The New Sydney Hotel is a constant on Hobart’s pub landscape: Irish-leaning, an ever-changing array of beers on tap, live music, no blaring TV and no pokies.
You can still go out back for a fag and during winter there’s a cozy, and depending on where you’re standing, ferocious fire. Last time I was there, I couldn’t get my drinks fast enough, fearful my stockings would melt to my legs.
As Hobart’s long-standing CBD hotel, it’s always drawn a huge crowd, and it’s always had friendly service.
It's the fried chicken
The New Sydney has also always had a pleasing and plentiful pub menu. For years my go to was the chicken parmigiana with avocado and cheese. It was simply delicious. The epitome of comfort food, served with chippies and veg. No amount of begging them has encouraged it back on the menu since it disappeared.
To the contrary, they’re heading in the opposite direction. It’s less schnitzel and more carpaccio darling.
A bar that caters for all demographics.
People have been raving about their new look. Ms Melbourne Archivist came to Hobart for the annual conference, I took her along for a countery.
A few of the old favourites remain on the menu but the real focus is a series of small plates at $12 each or three for $30, large sharing plates, and a handful of fancy-pants mains for one.
We ate three of the small plates:
spiced cauliflower, quinoa, pickled cauliflower, puffed rice and tzatziki
dry aged beef tartar, gochujang, peanuts, ponzu, yolk puree and cassava and
fried chicken (our way), kim chi, Japanese mayo, sesame and spring onion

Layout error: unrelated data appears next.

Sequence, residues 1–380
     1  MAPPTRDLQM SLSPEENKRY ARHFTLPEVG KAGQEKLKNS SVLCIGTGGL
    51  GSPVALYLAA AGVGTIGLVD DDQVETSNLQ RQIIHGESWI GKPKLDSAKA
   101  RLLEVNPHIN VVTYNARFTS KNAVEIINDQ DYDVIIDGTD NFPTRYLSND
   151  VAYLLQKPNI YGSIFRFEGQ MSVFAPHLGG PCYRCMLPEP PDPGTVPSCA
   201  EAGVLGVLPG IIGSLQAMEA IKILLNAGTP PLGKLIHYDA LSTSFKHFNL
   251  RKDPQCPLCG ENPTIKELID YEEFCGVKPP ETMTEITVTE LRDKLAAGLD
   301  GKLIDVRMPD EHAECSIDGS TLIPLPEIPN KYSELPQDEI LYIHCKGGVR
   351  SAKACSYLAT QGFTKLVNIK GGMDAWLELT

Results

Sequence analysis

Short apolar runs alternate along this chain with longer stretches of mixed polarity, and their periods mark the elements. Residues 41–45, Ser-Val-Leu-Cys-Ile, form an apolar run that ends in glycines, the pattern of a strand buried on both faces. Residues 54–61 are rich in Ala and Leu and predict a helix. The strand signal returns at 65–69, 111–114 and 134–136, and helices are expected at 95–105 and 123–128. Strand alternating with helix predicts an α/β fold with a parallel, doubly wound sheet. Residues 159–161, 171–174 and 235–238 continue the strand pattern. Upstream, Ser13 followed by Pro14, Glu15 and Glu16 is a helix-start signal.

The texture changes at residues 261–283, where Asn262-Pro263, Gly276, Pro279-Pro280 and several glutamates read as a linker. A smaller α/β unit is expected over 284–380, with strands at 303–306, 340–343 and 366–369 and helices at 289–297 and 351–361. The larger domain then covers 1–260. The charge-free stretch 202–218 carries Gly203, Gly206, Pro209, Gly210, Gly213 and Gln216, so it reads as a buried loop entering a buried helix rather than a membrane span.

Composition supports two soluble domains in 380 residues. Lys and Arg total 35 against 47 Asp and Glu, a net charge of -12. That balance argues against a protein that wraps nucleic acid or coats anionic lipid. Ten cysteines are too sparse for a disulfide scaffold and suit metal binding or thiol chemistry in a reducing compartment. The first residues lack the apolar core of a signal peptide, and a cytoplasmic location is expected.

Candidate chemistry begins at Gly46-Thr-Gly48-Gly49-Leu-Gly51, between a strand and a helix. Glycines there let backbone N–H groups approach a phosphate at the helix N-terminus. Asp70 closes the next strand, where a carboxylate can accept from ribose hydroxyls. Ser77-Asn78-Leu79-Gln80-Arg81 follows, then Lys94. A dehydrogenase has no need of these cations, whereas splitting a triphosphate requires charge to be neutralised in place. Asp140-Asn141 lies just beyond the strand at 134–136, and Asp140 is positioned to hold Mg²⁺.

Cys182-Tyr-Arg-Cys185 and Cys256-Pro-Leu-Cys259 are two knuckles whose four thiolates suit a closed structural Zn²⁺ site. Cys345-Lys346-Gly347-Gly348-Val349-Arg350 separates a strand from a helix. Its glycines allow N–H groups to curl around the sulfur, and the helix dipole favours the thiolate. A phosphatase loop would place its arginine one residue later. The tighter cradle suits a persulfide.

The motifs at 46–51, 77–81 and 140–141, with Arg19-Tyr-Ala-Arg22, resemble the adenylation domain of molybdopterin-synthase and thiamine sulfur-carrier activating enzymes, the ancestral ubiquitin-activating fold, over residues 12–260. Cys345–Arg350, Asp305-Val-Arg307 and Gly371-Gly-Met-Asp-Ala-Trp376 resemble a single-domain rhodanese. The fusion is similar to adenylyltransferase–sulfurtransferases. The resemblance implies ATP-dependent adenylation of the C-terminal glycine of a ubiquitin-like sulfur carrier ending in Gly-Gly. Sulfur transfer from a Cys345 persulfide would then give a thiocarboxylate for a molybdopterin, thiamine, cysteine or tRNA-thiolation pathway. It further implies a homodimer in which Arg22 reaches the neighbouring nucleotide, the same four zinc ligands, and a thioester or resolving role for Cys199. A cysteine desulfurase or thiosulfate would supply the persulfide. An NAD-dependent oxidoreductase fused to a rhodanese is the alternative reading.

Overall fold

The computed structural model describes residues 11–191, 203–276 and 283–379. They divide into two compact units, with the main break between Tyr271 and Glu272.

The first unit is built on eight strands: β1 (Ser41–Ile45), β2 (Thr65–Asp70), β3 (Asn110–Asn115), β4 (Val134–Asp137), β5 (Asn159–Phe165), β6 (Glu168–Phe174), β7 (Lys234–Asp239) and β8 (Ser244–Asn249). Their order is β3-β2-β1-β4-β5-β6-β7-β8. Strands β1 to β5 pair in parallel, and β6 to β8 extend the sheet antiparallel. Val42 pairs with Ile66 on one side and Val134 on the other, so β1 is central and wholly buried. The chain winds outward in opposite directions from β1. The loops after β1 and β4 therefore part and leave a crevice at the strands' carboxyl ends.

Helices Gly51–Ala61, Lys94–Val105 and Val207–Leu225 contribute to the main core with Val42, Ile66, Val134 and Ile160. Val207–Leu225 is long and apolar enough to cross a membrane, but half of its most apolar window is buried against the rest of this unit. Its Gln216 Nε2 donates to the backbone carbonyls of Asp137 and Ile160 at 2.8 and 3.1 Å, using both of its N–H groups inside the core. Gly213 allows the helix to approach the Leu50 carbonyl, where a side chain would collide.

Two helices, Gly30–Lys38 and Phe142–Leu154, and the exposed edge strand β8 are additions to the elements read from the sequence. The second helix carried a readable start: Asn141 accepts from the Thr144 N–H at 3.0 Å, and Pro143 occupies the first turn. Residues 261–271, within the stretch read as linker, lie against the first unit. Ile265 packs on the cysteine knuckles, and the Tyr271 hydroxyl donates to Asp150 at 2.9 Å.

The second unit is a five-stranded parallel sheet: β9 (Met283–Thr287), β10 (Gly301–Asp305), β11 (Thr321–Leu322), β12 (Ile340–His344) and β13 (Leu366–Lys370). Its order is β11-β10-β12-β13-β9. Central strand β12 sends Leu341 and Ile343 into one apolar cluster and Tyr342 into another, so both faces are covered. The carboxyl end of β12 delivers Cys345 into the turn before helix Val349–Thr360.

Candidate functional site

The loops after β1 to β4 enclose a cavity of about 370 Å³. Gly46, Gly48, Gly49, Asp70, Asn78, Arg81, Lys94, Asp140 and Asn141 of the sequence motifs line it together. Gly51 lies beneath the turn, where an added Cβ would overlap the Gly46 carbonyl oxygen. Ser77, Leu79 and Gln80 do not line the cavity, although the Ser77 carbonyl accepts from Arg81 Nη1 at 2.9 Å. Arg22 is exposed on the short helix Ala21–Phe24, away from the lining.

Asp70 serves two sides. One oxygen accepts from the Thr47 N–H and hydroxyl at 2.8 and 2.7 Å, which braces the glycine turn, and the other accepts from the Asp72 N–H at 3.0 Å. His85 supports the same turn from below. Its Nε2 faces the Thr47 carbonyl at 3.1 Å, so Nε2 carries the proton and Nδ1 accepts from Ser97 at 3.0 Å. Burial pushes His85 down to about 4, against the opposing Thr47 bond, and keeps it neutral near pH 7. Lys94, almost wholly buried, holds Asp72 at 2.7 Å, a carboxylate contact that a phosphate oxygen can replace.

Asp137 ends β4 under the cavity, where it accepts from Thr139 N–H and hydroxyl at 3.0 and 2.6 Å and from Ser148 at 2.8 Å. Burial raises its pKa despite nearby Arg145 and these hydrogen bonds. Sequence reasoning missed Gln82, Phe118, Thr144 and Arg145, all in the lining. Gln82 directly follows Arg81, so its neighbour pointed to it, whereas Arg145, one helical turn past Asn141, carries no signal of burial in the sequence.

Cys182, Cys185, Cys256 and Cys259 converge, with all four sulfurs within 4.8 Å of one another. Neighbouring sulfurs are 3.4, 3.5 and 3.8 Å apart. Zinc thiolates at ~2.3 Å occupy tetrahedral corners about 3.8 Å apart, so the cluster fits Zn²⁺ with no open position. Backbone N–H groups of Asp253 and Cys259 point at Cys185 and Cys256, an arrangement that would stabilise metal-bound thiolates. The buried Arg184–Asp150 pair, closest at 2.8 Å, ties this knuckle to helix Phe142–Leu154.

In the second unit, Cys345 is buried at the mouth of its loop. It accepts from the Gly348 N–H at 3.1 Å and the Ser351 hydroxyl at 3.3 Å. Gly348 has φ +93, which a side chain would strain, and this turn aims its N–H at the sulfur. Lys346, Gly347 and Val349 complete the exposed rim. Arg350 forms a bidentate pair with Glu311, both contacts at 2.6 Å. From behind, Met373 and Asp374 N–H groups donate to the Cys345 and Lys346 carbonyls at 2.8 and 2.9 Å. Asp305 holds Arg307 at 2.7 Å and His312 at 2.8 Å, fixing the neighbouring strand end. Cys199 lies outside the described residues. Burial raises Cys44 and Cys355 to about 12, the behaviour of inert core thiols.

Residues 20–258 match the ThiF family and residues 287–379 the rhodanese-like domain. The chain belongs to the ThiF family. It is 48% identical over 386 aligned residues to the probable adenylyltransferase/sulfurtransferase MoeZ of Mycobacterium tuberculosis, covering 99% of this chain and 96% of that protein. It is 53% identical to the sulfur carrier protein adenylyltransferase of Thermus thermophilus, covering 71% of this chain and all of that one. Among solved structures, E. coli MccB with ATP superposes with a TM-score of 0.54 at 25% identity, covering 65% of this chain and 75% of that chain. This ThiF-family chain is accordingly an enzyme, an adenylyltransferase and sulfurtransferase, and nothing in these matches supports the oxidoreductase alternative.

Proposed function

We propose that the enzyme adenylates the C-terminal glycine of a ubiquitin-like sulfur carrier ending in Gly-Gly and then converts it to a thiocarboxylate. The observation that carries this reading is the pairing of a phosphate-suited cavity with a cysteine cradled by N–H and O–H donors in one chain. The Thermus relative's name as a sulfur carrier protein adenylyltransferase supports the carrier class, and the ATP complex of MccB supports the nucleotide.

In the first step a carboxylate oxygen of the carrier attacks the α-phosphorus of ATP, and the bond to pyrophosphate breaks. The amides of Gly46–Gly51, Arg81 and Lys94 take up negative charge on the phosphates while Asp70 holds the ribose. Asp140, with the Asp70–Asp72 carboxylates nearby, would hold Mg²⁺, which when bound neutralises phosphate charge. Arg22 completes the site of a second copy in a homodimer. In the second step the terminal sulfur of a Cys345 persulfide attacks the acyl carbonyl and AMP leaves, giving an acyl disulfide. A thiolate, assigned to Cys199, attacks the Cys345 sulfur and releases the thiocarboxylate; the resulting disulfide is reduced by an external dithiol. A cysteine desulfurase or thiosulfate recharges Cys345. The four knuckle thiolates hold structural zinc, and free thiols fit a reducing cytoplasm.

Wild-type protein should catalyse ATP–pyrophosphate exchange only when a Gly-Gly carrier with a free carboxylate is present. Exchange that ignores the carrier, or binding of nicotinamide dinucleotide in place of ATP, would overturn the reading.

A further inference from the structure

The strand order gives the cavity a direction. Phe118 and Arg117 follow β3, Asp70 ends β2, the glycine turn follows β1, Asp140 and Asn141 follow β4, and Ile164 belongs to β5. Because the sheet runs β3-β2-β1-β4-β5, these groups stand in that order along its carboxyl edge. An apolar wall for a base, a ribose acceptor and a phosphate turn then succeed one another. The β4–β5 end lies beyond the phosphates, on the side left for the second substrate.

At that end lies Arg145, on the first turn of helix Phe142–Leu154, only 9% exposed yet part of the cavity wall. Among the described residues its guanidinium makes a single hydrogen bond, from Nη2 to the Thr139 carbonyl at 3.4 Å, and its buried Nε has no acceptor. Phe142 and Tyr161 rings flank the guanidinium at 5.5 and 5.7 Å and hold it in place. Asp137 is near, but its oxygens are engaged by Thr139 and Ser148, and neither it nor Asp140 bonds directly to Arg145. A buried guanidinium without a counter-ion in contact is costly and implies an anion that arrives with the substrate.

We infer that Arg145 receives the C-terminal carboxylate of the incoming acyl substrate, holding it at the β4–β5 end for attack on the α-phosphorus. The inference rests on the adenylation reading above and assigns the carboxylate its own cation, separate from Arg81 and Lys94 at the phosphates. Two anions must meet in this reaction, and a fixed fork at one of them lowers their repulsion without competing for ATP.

How much did cauliflower pay for its PR? It's THE new thing.
We also chose a main each:
Hickory Duck Breast, game dumplings, red cabbage smear, pear and pickled grapes, $32, and
500 gram Cape Grim beef short rib, smoked for eight hours then into a water bath for 12 hours, $36.
Stupidly full and food-crazed, we decided to share the dessert of Lark whisky pudding, a date pudding, whisky gums, toasted barley, cocoa nibs, milk mousse and 'dry and lime' bubbles, $14 (as are all the desserts). Like orange is to black, bubbles are the new foam. This was a dessert full to the brim with intent, and more savoury that sweet. For the record, I prefer my desserts on the feminine-side.
A hunkin' short rib
This Girl takes her hat of to anyone who gives it a red hot go in the kitchen (or anywhere for that matter) and the New Sydney is. They’re trying to set themselves apart, offering a more sophisticated experience. The comfortable and well-loved ambience is not a close match for the menu’s new style however.
We were inquisitive and enjoyed our journey around the absolutely beautifully presented meals, but our enthusiasm went no deeper than the plating up; their good intentions are not consistently executed: the beef tartar was overshadowed by chilli, the cauliflower was devoid a certain je-ne-sais-quoi, and a visual assessment of the chicken speaks volumes.
This Girl's pick - duck, beautiful.
The pick of our meals were the mains. The short rib was melt in the mouth and a HUGE feed and the duck was a beautiful meal that This Girl would be happy to eat again, although I wouldn’t go out of my way to do so.
At $80 + per head, we lamented the decline of the value for money pub meal. Cheap eats are increasingly a thing relegated to memories of years gone by.
Try the New Sydney’s new menu and let us know what you think.
You can find their website including their menu here.